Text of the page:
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ONS Report Highlights Confusion Over ‘Smartphone Security’

The Office of National Statistics (ONS) has warned that a lack of awareness about mobile security may be a cause for concern in the future, as smartphone threats mount.

Published yesterday, the latest ONS bulletin, Internet access – households and individuals, Great Britain: 2018, revealed that mobile phones are the most popular device used to access the internet, with 78% of UK adults logging-on in 2018.

However, there are question marks around security. Over a quarter (26%) of respondents said they didn’t have any on their device while 24% said they didn’t know if there was security installed.

“Although the proportion of adults who had lost information or data as a result of a virus or hostile program was only 2%, this could potentially become a concern in the future due to lack of awareness surrounding the importance of security installation,” the ONS warned.

However, experts claimed that most smartphones come with a good level of in-built protections. John Kozyrakis, staff research engineer at Synopsys’ Software Integrity Group, argued the ONS report confuses 'smartphone security' with third-party security apps.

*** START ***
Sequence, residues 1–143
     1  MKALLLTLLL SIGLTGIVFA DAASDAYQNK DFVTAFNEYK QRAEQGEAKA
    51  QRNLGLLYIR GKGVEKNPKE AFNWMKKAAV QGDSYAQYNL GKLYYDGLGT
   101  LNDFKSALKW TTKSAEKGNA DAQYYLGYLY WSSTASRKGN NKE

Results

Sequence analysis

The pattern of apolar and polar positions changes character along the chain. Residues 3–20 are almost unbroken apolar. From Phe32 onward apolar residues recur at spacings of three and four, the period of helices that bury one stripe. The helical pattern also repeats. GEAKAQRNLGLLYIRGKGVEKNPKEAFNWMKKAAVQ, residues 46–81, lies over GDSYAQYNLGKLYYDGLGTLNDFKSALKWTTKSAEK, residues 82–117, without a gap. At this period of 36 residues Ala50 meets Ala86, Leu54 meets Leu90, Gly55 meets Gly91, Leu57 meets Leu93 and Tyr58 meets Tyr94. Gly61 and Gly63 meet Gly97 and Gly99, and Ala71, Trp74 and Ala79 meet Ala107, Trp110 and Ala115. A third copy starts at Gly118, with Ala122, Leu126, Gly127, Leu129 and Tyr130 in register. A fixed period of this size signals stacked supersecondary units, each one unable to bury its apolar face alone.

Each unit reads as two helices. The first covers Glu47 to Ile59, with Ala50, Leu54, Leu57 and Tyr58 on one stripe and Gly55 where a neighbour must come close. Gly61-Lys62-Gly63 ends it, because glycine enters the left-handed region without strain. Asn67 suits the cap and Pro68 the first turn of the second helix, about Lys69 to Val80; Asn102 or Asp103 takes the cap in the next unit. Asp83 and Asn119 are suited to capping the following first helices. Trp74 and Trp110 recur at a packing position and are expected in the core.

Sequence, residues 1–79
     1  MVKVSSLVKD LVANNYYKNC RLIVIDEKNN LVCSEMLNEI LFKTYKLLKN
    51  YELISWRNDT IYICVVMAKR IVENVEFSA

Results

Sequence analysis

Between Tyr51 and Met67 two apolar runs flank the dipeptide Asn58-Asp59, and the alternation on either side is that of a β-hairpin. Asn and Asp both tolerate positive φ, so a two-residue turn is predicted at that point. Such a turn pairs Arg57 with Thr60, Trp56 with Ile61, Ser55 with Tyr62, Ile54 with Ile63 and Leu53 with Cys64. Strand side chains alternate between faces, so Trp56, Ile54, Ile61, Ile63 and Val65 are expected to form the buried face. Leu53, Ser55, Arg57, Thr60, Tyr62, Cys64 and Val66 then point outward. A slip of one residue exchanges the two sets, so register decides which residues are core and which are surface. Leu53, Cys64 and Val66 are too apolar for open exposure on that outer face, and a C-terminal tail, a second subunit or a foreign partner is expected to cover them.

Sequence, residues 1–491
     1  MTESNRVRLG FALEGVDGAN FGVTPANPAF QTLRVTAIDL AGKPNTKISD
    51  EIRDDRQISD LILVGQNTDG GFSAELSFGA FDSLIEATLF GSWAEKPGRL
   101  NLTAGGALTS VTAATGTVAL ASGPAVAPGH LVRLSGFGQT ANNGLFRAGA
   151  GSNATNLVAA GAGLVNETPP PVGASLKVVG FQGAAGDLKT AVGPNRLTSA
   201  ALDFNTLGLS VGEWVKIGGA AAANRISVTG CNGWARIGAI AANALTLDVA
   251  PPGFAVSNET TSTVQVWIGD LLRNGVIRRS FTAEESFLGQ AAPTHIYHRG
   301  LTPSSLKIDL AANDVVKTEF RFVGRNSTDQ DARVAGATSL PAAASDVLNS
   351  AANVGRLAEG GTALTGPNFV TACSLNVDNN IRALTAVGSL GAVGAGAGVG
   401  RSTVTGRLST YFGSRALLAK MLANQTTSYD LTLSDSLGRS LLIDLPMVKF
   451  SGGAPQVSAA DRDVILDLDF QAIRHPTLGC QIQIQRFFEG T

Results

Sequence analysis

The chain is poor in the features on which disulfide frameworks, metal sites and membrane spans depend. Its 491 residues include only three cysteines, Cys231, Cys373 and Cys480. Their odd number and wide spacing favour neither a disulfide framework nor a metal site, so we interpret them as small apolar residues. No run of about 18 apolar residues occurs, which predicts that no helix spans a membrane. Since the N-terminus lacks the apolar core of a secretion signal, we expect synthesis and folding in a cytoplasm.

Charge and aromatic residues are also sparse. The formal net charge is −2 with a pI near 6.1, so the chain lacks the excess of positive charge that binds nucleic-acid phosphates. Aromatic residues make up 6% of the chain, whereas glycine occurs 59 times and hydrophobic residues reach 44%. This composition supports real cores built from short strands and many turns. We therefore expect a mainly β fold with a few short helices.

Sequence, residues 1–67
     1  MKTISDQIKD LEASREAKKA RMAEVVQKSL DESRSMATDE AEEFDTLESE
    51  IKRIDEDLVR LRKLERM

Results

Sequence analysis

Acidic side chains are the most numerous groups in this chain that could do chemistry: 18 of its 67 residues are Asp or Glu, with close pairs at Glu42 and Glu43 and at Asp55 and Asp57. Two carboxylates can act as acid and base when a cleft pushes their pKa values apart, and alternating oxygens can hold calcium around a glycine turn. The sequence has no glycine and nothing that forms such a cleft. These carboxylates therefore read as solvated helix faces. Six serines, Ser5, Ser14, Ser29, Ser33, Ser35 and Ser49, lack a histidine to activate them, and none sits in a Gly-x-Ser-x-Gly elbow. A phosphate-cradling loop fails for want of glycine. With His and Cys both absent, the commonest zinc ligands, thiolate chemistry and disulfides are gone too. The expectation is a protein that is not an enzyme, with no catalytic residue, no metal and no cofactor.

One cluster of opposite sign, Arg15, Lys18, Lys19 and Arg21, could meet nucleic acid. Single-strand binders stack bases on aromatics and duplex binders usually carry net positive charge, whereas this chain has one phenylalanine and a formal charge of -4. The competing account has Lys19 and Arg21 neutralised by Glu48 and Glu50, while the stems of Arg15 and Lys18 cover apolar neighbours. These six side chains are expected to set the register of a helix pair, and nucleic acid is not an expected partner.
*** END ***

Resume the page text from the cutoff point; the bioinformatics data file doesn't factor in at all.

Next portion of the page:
“Both Android and Apple iOS automatically install several security software components on user devices to combat malware and viruses. Users are typically unaware of these actions, as the relevant security components are ‘under the hood’ of the operating systems,” he added.

“I attribute the 26% figure to the public being unaware of how much effort goes into securing and protecting against malware by Google and Apple. On an up-to-date, recent device released within the last three years, which has not been jailbroken intentionally, and does not get applications from places other than the official marketplaces (Google Play and Apple Store), there is absolutely no need to install any third-party security software.”

Imperva CTO, Terry Ray, claimed that the percentage of users that don't have security software installed is likely to be significantly higher than 26%, but that this isn’t a major issue.

“This isn’t overly critical yet, as there are only a small number of attack tools at the moment, and application stores are currently taking ownership of preventing user threats to these,” he argued.

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